Article  Google Scholar 

  47. Roberts, M. J. The Spiders of Great Britain and Ireland: Compact Edition (Apollo Books, Vester Skerninge, 2009).

    Google Scholar 

  48. Turin, H. De Nederlandse Loopkevers: Verspreiding en Ecologie (KNNV, Zeist, 2000).

    Google Scholar 

  49. Duff, A. G. et al. Beetles of Britain and Ireland 4 (A. G. Duff, West Runton, 2016).

    Google Scholar 

  50. Donner, J. Ordnung Bdelloidea. Bestimmungsbücher zur Bodenfauna Europas (Akademie-Verlag, Berlin, 1965).

    Google Scholar 

  51. Fontaneto, D. Biogeography of Microscopic Organisms: is Everything Small Everywhere? (Cambridge Univ. Press, Cambridge, 2011).

    Book  Google Scholar 

  52. Meisch, C. Freshwater Ostracoda of Western and Central Europe (Spektrum Akademischer, Heidelberg, 2000).

    Google Scholar 

  53. Bilton, D. T., Freeland, J. R. & Okamura, B. Dispersal in freshwater invertebrates. Annu. Rev. Ecol. Syst. 32, 159–181 (2001).

    Article  Google Scholar 

  54. De Bie, T. et al. Body size and dispersal mode as key traits determining metacommunity structure of aquatic organisms. Ecol. Lett. 15, 740–747 (2012).

    Article  PubMed  Google Scholar 

  55. Brans, K. I. et al. Eco-evolutionary dynamics in urbanized landscapes: evolution, species sorting and the change in zooplankton body size along urbanization gradients. Phil. Trans. R. Soc. Lond. B 372, 20160030 (2017).

    Article  Google Scholar 

  56. Gianuca, A. T. et al. Taxonomic, functional and phylogenetic metacommunity ecology of cladoceran zooplankton along urbanization gradients. Ecography 41, 183–194 (2018).

    Article  Google Scholar 

Download references


We thank M. De Cock, J. Dierick, P. Limbourg, E. van den Berg, M. Van Kerckvoorde and P. Vantieghem for help with sampling and identification of species. This is publication BRC419 of the Biodiversity Research Centre (UCL/ELI). This research is part of the SPEEDY-project, funded by the Interuniversity Attraction Poles program of the Belgian Science Policy Office BELSPO (IAP-grant P7/04).

Reviewer information

Nature thanks M. McDonnell and the other anonymous reviewer(s) for their contribution to the peer review of this work.

Author information

Authors and Affiliations



T.M., L.D.M. and H.V.D. conceived the study. C.S. and L.D.M. coordinated the consortium. T.M., C.S., A.K., L.F.B., T.B., D.B., K.I.B., M.C., M.D., N.D., K.D.W., J.M.T.E., D.F., A.T.G., L.G., F.H., J.H., L.L., K.M., E.M., E.P., R.S., I.S. and K.V.D. contributed to sampling and data collection. T.M. and A.K. performed the analyses. H.M. selected study plots, calculated fragmentation variables and designed the study area map. T.M. wrote the first draft of the manuscript with all authors contributing substantially to revisions.

Corresponding author

Correspondence to Thomas Merckx.

Ethics declarations

Competing interests

The authors declare no competing interests.

Additional information

Publisher’s note: Springer Nature remains neutral with regard to jurisdictional claims in published maps and institutional affiliations.

Extended data figures and tables

Extended Data Fig. 1 Micro-climatic urban-heat-island effect strengths.

a, b, Slopes of the urban-heat-island effects (measured as the increase in temperature (°C) per 1% increase in percentage BUC) as a function of spatial scale (the radius at which urbanization was quantified) with 95% confidence intervals (CI). Separate measurements are shown for summer (red) and winter (blue) using merged readings for pond, grassland and woodland habitats (n = 104 sites). a, Diurnal measurements. b, Nocturnal measurements. Data points are offset from one another horizontally to improve clarity.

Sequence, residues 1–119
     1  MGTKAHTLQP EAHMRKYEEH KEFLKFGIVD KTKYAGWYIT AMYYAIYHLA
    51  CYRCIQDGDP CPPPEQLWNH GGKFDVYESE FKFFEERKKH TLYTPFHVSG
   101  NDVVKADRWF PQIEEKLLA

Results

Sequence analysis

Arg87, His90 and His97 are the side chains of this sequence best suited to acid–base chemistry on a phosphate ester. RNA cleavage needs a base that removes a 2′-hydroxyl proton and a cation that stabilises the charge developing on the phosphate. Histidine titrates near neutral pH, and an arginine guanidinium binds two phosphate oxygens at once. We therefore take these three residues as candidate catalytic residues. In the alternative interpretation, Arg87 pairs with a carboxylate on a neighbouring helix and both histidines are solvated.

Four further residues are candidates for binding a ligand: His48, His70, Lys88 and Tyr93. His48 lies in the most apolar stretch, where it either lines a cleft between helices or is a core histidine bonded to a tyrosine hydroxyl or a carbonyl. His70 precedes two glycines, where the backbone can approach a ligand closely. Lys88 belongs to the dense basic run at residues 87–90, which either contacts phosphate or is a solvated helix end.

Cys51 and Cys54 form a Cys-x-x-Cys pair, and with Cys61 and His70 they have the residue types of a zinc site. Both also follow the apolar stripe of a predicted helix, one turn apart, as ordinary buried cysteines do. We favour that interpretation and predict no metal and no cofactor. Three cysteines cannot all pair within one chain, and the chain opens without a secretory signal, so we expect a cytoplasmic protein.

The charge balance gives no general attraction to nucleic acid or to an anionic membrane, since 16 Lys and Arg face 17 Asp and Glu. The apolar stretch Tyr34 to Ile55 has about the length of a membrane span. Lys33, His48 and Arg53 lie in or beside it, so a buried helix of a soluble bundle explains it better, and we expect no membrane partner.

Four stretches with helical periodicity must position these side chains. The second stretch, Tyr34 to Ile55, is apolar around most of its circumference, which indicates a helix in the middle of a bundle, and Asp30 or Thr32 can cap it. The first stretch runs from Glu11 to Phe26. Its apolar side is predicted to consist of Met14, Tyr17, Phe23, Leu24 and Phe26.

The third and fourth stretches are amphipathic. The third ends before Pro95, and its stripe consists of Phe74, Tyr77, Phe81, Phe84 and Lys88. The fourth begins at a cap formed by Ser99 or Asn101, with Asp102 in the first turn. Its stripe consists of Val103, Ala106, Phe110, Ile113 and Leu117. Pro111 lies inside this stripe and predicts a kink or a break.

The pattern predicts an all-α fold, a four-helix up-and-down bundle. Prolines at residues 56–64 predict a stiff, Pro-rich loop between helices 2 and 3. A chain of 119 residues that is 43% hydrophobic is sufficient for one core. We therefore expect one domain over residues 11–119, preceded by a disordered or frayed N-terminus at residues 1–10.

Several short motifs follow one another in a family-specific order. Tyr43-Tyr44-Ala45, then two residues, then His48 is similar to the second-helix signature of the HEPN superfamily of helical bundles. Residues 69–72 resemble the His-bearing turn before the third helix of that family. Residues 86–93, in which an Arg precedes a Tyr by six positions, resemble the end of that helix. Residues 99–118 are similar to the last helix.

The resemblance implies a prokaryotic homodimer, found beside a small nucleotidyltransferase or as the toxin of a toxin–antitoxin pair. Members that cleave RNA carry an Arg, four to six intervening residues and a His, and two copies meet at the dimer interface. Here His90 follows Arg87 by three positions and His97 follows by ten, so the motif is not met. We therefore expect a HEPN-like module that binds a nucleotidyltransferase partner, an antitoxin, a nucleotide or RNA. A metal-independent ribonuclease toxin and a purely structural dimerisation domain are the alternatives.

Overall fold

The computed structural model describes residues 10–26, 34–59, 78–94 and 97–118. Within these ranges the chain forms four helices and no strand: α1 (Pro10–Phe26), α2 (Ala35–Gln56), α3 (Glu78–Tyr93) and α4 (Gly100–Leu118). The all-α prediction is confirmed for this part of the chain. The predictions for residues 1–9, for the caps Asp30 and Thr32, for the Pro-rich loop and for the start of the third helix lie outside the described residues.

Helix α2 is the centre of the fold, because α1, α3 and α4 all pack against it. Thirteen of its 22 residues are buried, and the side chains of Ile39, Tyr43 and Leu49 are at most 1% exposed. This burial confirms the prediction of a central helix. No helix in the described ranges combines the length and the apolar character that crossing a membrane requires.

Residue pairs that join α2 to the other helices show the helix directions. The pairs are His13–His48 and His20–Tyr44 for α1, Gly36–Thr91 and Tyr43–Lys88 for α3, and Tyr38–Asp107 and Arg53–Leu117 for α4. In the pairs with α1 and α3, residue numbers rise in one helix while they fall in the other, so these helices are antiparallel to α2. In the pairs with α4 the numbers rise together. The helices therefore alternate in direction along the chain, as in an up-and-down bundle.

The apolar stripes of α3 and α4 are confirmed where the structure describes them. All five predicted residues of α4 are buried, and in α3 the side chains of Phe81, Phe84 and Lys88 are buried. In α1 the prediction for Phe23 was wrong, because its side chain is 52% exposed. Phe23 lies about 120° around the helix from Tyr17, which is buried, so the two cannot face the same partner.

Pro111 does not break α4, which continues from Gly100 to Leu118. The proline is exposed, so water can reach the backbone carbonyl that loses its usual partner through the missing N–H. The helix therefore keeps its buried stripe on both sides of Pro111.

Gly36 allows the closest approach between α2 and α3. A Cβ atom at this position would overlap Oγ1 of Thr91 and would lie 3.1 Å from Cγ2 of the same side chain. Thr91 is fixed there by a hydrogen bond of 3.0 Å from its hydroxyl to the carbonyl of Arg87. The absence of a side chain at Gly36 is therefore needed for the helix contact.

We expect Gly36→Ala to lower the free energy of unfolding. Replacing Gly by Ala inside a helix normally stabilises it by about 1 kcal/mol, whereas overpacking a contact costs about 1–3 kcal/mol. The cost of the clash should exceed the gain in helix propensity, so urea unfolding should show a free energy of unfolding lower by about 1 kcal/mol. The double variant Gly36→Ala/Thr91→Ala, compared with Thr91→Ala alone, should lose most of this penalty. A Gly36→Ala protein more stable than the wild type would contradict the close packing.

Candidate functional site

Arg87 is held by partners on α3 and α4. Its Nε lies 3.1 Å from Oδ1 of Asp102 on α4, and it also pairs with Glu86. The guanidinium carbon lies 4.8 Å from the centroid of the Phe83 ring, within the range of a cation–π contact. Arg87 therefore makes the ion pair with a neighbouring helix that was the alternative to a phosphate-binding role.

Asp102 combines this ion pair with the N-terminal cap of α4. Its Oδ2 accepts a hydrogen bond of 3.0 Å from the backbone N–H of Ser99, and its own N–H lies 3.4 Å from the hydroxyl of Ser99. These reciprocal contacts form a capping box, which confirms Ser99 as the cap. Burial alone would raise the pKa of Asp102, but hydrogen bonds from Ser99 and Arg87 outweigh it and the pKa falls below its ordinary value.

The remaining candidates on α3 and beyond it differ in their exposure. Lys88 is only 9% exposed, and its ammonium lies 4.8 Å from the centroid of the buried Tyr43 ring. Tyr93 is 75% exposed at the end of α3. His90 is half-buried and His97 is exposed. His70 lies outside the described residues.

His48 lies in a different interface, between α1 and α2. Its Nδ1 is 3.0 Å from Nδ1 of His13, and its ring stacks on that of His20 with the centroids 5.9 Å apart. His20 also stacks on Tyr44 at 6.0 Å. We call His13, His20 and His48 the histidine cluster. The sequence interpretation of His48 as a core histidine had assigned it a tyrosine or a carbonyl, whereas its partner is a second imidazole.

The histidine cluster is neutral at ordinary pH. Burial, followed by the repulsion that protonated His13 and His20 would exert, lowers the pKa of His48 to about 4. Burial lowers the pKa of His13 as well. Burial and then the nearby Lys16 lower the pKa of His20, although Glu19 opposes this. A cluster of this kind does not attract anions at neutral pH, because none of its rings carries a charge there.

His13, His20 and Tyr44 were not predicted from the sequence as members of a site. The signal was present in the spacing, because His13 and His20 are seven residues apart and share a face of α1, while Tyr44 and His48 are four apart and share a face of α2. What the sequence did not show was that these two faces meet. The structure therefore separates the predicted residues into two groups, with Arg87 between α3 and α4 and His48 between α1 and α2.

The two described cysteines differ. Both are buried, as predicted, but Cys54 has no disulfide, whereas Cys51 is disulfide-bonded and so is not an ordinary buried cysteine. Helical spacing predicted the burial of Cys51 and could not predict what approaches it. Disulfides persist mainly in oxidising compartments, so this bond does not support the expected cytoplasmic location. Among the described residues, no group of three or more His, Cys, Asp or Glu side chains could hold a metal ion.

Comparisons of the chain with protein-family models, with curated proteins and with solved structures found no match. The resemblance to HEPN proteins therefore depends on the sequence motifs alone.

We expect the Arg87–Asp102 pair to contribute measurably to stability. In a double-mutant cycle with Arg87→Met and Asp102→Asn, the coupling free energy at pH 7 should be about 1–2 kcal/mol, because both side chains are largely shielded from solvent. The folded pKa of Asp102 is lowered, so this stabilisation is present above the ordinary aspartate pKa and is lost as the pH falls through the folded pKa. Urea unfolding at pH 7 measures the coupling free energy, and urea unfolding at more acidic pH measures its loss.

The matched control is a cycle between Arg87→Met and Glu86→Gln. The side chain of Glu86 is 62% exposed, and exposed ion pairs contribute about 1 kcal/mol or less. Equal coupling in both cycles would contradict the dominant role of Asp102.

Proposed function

Extended Data Fig. 2 Correlations between urbanization and habitat fragmentation.

Correlations between urbanization (measured as the percentage BUC) and three habitat fragmentation variables: habitat coverage (a, b), mean size of habitat patches (c, d), and mean nearest-neighbour distance among habitat patches (e, f). Separate plots are shown for terrestrial (that is, all types of (semi-)natural habitat, a, c, e) and aquatic (that is, all pond types, b, d, f) habitats (n = 27 landscape-scale sampling plots). Pearson’s r coefficients and P values are indicated; not significant (NS), P > 0.1; *P < 0.05; ***P < 0.001.

Extended Data Table 1 Taxon-specific details of sampling procedures, body-size data and size–dispersal links
Extended Data Table 2 Model output of average temperature in relation to urbanization and habitat type
Extended Data Table 3 Model output of CWMBS in relation to urbanization
Extended Data Table 4 Model output of abundance and diversity measures in relation to urbanization

Supplementary information

Rights and permissions

Reprints and permissions

About this article

Check for updates. Verify currency and authenticity via CrossMark

Cite this article

Merckx, T., Souffreau, C., Kaiser, A. et al. Body-size shifts in aquatic and terrestrial urban communities. Nature 558, 113–116 (2018).

Download citation

  • Received:

  • Accepted:

  • Published:

  • Issue Date:

  • DOI:

This article is cited by


By submitting a comment you agree to abide by our Terms and Community Guidelines. If you find something abusive or that does not comply with our terms or guidelines please flag it as inappropriate.


Quick links

Nature Briefing

Sign up for the Nature Briefing newsletter — what matters in science, free to your inbox daily.

Get the most important science stories of the day, free in your inbox. Sign up for Nature Briefing